All eyes are on two things this week – the U.S. Federal Reserve meeting and the Dutch election. The former is expected to end Wednesday in a 25 basis point rate hike. Depending on the market’s assessment of the tone in the comments that accompany the rate hike, stocks and bonds could conceivably have a relief rally. That said, this bull market has been built on low borrowing costs. No matter what the fund company propaganda tells you, it will not tolerate three rate hikes in 2017 well. The Dutch election is seen as a referendum on European populism and by extension the future of the Euro experiment. A strong showing by Geert Wilders will be taken as a sign that the “common” European citizens have had enough of the EU, and the portents for the more important French election in April will be ominous.
Energy prices have been falling in recent weeks on data showing supply consistently running ahead of demand. Apparently U.S. shale producers are only too happy to fill any supply gap stemming from OPEC production cuts. As prices fall into the upper $40s and stay there, how long before the Saudis get exasperated and flood the markets again? I think this is a risk, and I would add that oil prices and the U.S. stock market as a whole don’t historically move in opposite directions for long.
Emerging markets have done well so far in 2017 as the MSCI Emerging Markets index is up 8.8% through March 13th. See Chart 1. These are some of the reasons:
- The U.S. dollar was expected to soar but it opened the year weak and has only begun to recover as Wednesday’s Fed meeting approaches.
- The EM news has largely been good. For instance, Modi’s party in India picked up seats in regional elections, economic growth edged higher in China for the second straight month and Argentina’s expected economic contraction in 2017 has been almost completely erased.
- Valuation remains attractive relative to developed markets.
Here’s a few emerging market funds I feel have done a good job.
Fidelity Emerging Market Discovery
- Ticker: FEDDX
- Though the management team has been on the fund for less than three years, I like this fund. It’s more of a midcap value fund so you don’t get the same positions you tend to get in the average EM equity fund like Taiwan Semiconductor and TenCent Holdings (which are usually also found in large cap international funds).
Templeton Global Bond
- Ticker: TPINX
- The fund has positioned itself as a dollar-bullish (and Yen bearish) world bond fund. Much of its holdings are in emerging markets, but from a currency standpoint that doesn’t really matter – it tends to do very well when the dollar is up (and the Yen is down) and poorly when the opposite is true and hence its terrible relative performance from 2014 through August of last year and its category crushing return since September.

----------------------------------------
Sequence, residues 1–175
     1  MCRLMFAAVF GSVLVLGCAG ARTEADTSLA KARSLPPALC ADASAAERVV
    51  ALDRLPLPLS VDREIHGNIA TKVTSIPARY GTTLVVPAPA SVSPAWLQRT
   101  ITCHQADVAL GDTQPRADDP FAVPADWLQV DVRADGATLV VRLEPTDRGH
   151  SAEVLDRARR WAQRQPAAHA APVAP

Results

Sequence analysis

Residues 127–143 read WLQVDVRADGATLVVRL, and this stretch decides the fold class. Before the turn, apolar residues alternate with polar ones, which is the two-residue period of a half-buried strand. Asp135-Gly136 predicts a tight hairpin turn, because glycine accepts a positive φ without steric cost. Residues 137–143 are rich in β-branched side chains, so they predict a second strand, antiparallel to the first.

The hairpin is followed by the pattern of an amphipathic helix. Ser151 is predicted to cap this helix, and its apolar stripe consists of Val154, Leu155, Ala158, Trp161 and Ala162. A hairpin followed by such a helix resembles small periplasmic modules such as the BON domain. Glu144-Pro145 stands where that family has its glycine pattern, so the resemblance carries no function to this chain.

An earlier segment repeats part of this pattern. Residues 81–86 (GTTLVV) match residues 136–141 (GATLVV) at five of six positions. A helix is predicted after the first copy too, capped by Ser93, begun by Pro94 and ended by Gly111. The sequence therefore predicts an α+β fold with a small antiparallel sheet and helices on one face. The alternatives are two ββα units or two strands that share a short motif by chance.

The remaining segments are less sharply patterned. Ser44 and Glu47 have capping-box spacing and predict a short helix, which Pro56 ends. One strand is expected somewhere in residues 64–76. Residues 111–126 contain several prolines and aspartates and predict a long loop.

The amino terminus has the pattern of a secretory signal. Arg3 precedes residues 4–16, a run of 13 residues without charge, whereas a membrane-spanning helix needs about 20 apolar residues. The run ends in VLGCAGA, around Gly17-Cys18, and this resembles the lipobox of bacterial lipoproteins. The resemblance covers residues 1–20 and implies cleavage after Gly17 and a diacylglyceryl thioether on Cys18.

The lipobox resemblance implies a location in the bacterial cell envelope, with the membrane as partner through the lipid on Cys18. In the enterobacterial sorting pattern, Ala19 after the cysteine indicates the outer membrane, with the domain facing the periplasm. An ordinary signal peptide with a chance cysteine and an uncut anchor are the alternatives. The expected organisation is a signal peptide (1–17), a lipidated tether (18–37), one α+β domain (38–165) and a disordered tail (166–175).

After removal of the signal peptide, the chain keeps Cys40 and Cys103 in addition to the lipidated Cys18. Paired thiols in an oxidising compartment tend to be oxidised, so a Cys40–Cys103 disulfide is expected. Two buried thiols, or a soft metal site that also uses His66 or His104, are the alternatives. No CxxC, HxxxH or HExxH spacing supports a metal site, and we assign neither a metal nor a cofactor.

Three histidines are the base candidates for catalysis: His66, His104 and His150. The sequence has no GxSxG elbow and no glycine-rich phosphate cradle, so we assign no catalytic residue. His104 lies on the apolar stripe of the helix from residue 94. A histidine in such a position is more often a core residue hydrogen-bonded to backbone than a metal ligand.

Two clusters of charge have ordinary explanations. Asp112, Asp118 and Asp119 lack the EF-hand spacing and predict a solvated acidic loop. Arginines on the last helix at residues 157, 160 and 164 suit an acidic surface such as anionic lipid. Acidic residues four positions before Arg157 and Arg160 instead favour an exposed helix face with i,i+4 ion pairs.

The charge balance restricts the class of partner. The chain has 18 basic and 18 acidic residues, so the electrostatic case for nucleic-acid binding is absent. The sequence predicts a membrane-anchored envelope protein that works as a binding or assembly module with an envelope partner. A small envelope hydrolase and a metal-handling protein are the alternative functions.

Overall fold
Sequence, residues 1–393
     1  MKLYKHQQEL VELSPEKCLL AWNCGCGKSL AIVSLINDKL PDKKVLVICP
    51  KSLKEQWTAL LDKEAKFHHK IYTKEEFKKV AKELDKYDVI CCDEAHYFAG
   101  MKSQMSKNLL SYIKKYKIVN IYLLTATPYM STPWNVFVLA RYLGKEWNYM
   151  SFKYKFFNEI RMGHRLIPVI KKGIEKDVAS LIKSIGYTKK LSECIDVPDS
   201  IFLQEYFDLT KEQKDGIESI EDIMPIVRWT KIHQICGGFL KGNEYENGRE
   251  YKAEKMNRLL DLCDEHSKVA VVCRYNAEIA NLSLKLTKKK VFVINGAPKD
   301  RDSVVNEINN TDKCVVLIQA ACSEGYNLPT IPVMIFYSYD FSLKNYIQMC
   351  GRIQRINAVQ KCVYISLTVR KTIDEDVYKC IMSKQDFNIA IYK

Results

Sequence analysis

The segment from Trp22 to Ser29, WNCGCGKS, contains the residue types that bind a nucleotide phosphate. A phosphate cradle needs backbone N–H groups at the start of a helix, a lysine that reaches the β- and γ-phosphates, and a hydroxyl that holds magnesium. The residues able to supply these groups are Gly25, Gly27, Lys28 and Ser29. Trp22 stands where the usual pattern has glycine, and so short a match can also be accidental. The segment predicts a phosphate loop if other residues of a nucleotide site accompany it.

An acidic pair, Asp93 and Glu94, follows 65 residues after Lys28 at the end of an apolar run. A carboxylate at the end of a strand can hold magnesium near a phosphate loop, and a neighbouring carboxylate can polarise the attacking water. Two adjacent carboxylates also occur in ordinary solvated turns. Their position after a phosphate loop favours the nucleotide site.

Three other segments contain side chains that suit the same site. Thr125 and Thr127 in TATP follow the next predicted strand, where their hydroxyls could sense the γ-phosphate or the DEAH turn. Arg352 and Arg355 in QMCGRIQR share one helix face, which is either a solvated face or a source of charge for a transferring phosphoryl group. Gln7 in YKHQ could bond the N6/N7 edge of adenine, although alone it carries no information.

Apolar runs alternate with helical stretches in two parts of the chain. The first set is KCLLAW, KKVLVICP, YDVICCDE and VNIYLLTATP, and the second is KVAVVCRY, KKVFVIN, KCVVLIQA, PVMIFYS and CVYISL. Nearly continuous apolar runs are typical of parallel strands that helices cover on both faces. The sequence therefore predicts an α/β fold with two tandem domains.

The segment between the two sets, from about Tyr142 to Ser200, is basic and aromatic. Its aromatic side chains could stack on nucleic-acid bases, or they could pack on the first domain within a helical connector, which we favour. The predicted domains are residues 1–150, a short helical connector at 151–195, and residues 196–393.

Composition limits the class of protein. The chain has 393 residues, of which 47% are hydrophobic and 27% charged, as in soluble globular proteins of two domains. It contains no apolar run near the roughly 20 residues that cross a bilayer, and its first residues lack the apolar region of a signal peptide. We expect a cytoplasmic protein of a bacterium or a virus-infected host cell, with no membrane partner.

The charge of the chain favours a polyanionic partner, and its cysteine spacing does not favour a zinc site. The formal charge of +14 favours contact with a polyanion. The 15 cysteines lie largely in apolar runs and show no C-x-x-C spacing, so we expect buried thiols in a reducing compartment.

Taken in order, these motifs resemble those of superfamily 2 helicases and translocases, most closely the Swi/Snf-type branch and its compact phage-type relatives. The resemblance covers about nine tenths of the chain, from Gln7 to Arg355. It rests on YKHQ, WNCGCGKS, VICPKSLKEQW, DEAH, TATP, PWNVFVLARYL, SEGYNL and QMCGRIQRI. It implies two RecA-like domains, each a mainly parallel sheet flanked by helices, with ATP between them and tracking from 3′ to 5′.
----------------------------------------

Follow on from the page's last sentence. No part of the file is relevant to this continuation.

Another sector I’m warming up to is biotechnology. The health care sector (biotechs included) was crushed in 2016 by overvaluation and concerns that either presidential candidate would put limits on drug company pricing. Overvaluation is for the most part not a concern now, as multiples have come down in this sector and risen almost everywhere else. Regulation is still a concern, but not as much as it would have been had the Democratic candidate prevailed. In any event, biotech companies rely less on protecting the pricing of blockbuster drugs like the major pharma companies do, so for the most part they are less vulnerable to what Washington might do. A few funds I believe have done a good job in this sector are Fidelity Select Biotech (FBIOX) and T. Rowe Price Health Sciences (PRHSX). It should be noted that T. Rowe Price Health Sciences has a new fund manager in Ziad Bakri. Also, this is the second time in four years the fund has experienced a manger change so proceed with caution.
Last week was a bit of a wake-up call for high yield bond investors. I had mentioned that yield spreads over Treasuries were at multi-year lows, so there was no room for any kind of bad news. You can never tell in advance when this particular “rabbit” is going to get spooked, but it certainly did last week as high yield gave up all its 2017 gains in just six days. On February 27th the iShares High Yield ETF (Ticker HYG) was up 2.5% and proceeded to give it all back and more. See Chart 2. I believe the best strategy in this sector right now is to get defensive, both in duration and credit quality. When the Fed is clearly in tightening mode, the focus for bond investors has to be on preserving principal, not generating superior returns.
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